She hopes that this case will trigger a larger conversation about on-campus sexual assault and that more resources will become available to students.

“Algonquin has a huge opportunity to review the protocol, provide new support services or provide more support to existing resources like Project Lighthouse,” she said. “This case is just an example of a larger issue and a conversation needs to be had in order to move in a positive direction in the future.”

According to her, Algonquin should take this opportunity to create new lines of communication with sexual assault centres and advocates to work towards combatting this issue and preventing it from happening again.

Improving communication, in fact, was the subject of the email from Jensen to students and staff Nov. 12.

Jensen acknowledged the incident and indicated that the school would be taking steps to address concerns about communication responsibilities.

She said she has asked the college executive team to examine the current reporting protocols around sexual assaults so that they can ensure they are responding “in the best way to help those affected as well as the broader college community.”

At the time the assault occurred and within the following days, the college felt there was no imminent threat to the students and would not comment further.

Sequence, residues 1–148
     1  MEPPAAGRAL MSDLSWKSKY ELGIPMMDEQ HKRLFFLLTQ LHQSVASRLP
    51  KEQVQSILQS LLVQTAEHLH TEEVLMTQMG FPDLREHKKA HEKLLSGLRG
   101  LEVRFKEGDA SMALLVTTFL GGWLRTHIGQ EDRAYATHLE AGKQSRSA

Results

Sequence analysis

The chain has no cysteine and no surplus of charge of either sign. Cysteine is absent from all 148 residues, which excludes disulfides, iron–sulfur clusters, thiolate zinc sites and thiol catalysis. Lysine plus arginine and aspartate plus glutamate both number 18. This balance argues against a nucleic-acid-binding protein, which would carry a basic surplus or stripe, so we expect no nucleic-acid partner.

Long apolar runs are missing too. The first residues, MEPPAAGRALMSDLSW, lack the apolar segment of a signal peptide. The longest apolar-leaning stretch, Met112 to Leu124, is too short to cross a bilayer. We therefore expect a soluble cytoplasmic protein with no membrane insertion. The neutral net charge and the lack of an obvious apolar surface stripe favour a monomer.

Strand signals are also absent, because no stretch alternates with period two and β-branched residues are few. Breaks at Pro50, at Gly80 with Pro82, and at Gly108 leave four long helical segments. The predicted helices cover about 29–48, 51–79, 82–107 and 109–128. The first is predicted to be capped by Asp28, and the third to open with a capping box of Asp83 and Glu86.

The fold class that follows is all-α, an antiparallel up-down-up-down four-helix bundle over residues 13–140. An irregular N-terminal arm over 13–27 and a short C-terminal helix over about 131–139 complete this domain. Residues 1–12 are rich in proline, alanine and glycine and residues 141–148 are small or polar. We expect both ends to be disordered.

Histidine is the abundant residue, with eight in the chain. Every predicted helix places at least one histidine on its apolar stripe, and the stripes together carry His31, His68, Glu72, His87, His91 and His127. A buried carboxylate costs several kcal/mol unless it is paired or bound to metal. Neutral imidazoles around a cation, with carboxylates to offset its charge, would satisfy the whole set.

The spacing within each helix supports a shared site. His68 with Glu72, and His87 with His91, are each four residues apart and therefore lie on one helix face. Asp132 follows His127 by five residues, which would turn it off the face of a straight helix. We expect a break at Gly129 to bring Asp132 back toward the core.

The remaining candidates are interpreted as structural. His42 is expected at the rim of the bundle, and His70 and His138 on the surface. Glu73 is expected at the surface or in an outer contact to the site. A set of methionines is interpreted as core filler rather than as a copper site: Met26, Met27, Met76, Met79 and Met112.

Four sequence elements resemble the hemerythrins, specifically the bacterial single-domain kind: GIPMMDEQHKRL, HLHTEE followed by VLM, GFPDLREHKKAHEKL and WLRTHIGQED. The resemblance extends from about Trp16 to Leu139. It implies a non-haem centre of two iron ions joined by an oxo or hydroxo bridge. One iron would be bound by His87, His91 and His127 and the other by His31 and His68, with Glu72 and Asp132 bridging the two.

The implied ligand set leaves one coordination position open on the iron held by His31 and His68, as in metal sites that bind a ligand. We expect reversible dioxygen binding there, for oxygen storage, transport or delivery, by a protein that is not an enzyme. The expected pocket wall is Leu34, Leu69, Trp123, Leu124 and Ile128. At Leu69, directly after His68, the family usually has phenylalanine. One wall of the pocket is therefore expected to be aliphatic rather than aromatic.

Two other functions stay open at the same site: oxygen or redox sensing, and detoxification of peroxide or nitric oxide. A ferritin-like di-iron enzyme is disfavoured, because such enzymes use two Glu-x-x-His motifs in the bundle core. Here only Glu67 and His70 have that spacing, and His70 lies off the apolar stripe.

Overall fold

The college relies on the guidance of police in situations like these so that the investigation can be conducted properly.

“In some cases, it is possible and appropriate to provide a college alert while in other cases it may not be,” Dunley wrote in an email to the Times. “We carefully consider the circumstances in each one, weighing the information we receive from our security teams, as well as the police. A decision on such a matter is weighed very carefully.”

As for the ‘imminent threat’ component, the college currently has no set definition.

Beyond reviewing its communications protocol, Jensen said staff training will be mandatory.

According to Dunley, this training has been in the works since December 2017 and is reflected in the 2018 Business Plan. This initiative is well above the minimum requirement for post-secondary institutions, she added.

“It is not related to any one incident but is a commitment from the college to make sure we are supporting anyone affected by sexual assault or violence,” she said. “All employees of Algonquin College will be required to complete some form of training on the sexual assault and sexual violence policy (SA16).”

Further, as Jensen only asked the executive team to examine reporting protocols a “short time ago”, the discussions are still ongoing, Dunley said. The college community will be notified of the results of these discussions once they have concluded and Jensen has news to share on the subject.

In the meantime, Dunley said, the college will continue to work with Project Lighthouse to raise awareness, educate the community and work towards preventing similar situations from happening in the future. Many resources also remain available though health services, counselling services and more.

While the name of the victim has not been released and while personal information cannot be divulged, Dunley made it clear that there is a system in place for victims.

“It is customary for all of our front-line service providers who deal with matters like this to provide a range of support options to anyone who has been assaulted,” she said.

It’s unknown how the victim is recovering from the assault.